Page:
Relishing the Fog at Point Reyes
Sky Trail Loop
Refreshed by winter rains and a cloak of summer fog, Douglas firs along Inverness Ridge--abundantly clothed in mosses, lichens, and ferns--live in California's rain forest.
Photograph by Jules Evens
Check out this and other hikes Jules has taken on. The most recent hike is in blue; others are in red.
Conditions: Overcast, light breeze, 55-60°F. March 29, 2012. (4.1 miles)
Trail notes: Easy loop trail beginning at the top of the Limantour Road, to Sky Camp, then looping around Mount Wittenberg, following the Z-Ranch Trail back to the Sky Trail.
Sky Trail starts along the spine of Inverness Ridge where bishop pine forest gives way to Douglas fir. From here north, the soil is well-drained, decomposed granite, a condition that favors the dry-loving (xerophilic) pine. Southward, granitic basement rock is overlain by marine shales that hold more water and favor the more water-loving (hydrophilic) firs.
Although the Mount Vision fire voraciously consumed the dry pine forest, it did not penetrate the damper fir forest.
We set out with several friends who were visiting from the Colorado front range. Their enthusiasm for the moist marine air and the lushness of the vegetation is contagious; we are all enthused by the green luxuriance of the fog zone.
After a dry winter followed by steady spring rains, banana slugs are out and about. Lacking external shells, these mollusks need to stay moist; otherwise their mucus-covered bodies dry out and shrivel up. Banana slugs occur only in damp forests along the Pacific coast from Alaska southward to Santa Cruz, a distribution that conforms to the Pacific coast rainforest. The glue-like mucus that covers the slug’s body has several apparent functions: It is very efficient at absorbing water and it contains an anesthetic that may deter some predators, though not all. Slugs are a favored food of the Pacific giant salamander, and raccoons and rodents seem to relish them as well. (The mucus is difficult to remove from clothing, so if you get some on your jeans, try rinsing with Classic Coke, which makes one wonder what this beverage does to our innards.)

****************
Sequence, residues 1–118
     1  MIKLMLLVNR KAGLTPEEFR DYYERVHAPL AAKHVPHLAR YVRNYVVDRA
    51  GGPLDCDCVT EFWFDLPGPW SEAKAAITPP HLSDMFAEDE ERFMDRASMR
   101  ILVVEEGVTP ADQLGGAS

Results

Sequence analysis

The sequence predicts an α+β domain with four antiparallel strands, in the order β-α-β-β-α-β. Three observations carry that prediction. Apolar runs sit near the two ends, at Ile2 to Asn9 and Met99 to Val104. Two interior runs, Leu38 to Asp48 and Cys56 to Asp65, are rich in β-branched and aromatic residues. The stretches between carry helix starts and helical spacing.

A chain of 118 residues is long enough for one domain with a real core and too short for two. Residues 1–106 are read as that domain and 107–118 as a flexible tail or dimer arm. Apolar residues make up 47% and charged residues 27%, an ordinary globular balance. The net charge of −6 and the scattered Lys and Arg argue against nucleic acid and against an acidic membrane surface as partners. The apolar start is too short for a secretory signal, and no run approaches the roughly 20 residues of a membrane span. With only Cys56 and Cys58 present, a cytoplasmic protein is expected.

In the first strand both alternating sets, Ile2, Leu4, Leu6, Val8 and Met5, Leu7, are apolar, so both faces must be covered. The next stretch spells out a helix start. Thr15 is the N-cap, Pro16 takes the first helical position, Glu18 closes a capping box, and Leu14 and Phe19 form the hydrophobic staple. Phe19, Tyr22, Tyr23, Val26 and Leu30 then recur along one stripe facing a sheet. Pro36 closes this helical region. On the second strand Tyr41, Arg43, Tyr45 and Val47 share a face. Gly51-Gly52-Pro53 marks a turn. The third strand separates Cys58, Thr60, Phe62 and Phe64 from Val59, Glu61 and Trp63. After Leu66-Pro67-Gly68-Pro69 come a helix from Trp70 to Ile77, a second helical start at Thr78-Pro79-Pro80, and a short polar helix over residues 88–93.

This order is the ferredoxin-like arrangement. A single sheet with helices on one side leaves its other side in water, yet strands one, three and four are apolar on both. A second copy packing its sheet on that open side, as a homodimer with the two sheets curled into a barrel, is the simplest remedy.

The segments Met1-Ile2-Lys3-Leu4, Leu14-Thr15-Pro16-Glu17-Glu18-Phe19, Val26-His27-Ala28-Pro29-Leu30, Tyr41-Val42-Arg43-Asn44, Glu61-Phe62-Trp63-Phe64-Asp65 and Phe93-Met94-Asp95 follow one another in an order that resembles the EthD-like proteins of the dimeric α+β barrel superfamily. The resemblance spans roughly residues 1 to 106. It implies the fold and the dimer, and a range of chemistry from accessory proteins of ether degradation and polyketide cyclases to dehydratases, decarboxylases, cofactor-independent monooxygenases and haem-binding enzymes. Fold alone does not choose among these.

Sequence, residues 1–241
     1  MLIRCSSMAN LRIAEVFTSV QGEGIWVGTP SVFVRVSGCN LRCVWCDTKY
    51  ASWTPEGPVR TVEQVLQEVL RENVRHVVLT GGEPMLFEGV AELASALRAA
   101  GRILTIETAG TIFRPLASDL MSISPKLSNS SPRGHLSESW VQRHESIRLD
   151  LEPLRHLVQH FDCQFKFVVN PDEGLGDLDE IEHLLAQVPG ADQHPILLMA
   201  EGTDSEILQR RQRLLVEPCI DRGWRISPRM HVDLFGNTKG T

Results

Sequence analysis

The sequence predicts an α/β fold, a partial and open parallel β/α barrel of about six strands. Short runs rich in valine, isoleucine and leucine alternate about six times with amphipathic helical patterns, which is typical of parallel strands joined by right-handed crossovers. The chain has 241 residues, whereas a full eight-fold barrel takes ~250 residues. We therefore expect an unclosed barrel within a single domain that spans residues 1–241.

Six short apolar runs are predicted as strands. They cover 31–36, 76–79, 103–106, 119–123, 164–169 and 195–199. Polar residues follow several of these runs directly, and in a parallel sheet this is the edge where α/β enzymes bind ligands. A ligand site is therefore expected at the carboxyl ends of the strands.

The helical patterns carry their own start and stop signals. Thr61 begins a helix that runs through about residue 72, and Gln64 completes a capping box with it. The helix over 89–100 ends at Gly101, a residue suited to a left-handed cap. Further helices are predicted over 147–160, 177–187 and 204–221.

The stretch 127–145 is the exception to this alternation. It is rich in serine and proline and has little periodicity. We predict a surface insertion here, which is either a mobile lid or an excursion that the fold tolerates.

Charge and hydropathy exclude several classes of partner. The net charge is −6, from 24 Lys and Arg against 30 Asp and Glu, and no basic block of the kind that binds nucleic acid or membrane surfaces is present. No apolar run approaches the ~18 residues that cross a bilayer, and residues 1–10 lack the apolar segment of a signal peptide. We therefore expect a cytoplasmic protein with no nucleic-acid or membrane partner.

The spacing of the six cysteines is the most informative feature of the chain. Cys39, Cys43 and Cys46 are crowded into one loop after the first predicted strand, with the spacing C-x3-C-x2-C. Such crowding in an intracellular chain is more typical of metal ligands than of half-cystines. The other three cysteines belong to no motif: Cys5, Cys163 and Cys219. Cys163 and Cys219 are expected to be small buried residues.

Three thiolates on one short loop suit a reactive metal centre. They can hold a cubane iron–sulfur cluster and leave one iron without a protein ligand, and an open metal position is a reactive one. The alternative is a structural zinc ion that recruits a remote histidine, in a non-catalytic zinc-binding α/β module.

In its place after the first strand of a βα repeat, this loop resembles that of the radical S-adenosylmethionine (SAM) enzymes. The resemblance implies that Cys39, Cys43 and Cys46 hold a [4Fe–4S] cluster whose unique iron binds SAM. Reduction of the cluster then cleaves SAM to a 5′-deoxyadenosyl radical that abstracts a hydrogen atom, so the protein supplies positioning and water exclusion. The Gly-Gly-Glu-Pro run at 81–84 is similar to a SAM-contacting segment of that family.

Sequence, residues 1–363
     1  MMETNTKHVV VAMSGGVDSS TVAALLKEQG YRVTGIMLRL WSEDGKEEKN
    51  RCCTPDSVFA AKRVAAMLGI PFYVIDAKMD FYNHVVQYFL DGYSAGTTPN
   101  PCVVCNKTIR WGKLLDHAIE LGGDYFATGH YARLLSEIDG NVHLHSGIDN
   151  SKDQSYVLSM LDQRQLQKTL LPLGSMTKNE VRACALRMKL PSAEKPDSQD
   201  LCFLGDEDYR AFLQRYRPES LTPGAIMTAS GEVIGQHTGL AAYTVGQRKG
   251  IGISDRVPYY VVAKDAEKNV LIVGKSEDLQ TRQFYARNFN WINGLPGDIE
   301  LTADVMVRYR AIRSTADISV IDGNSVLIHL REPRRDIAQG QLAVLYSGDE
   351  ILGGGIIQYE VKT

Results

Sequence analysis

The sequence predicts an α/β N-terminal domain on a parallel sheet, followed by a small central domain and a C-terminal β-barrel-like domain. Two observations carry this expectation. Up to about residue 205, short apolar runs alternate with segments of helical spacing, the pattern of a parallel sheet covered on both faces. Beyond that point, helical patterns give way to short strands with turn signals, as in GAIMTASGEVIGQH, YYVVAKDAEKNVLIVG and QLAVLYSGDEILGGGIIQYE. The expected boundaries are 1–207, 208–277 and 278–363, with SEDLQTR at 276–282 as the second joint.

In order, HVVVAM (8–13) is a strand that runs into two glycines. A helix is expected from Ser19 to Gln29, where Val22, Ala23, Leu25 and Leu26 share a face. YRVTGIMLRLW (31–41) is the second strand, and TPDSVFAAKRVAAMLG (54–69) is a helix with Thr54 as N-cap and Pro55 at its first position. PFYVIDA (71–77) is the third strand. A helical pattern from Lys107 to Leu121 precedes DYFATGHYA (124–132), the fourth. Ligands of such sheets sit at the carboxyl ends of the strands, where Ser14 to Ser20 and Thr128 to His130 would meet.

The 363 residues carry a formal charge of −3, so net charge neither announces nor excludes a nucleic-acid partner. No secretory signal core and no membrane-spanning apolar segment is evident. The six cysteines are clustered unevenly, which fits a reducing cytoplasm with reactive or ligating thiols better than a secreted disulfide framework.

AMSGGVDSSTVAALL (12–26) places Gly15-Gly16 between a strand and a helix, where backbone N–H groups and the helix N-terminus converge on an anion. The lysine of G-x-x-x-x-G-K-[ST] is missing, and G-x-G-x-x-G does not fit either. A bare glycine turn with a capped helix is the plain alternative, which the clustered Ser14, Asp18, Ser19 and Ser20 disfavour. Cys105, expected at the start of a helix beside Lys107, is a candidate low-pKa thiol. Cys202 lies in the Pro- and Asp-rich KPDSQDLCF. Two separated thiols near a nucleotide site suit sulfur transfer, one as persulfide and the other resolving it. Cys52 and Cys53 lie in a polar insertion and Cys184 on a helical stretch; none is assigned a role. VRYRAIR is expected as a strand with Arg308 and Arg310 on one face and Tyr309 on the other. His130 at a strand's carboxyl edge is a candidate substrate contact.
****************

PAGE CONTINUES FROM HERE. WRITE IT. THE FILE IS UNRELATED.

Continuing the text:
Near Sky Camp, we find a dead shrew-mole in the path. These tiny mammals are rather common on the coastal slope of the peninsula but seldom seen. Little is known about the breeding biology of the shrew-mole, but this individual was probably out looking for love, otherwise he’d be underground, alone in his shallow burrow.
Circling Mount Wittenberg the trail traverses a moist north-facing slope above the steep canyon that drains into Haggerty Gulch and Lagunitas Creek. Red elderberry is in full bloom, a large, shade-loving bush sporting cream-colored inflorescences. A male Allen’s hummingbird is in dramatic aerial display above the bush, and we hear the emphatic, dulcet, descending song of a Wilson’s Warbler, the first of the season. This neotropical migrant has just returned from wintering grounds in Central America, and by mid-April its song will be one of the most common melodies resonating through the conifer forests of the peninsula. Listen here.
Red elderberry (Sambucus racemosa). Photograph by Jules Evens.